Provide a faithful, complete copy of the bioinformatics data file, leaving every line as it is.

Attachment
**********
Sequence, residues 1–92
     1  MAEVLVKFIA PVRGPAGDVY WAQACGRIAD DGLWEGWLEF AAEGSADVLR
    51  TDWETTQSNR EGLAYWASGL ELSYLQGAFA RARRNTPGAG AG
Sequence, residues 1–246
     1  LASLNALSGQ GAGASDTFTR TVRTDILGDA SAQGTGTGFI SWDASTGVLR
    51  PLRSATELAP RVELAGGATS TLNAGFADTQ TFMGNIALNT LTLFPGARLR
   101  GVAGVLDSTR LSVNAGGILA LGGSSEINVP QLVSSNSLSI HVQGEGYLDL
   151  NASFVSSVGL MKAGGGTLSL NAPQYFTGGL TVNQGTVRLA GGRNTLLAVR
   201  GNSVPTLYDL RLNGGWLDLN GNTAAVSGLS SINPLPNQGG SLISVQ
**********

Sequence, residues 1–92
     1  MAEVLVKFIA PVRGPAGDVY WAQACGRIAD DGLWEGWLEF AAEGSADVLR
    51  TDWETTQSNR EGLAYWASGL ELSYLQGAFA RARRNTPGAG AG
Sequence, residues 1–246
     1  LASLNALSGQ GAGASDTFTR TVRTDILGDA SAQGTGTGFI SWDASTGVLR
    51  PLRSATELAP RVELAGGATS TLNAGFADTQ TFMGNIALNT LTLFPGARLR
   101  GVAGVLDSTR LSVNAGGILA LGGSSEINVP QLVSSNSLSI HVQGEGYLDL
   151  NASFVSSVGL MKAGGGTLSL NAPQYFTGGL TVNQGTVRLA GGRNTLLAVR
   201  GNSVPTLYDL RLNGGWLDLN GNTAAVSGLS SINPLPNQGG SLISVQ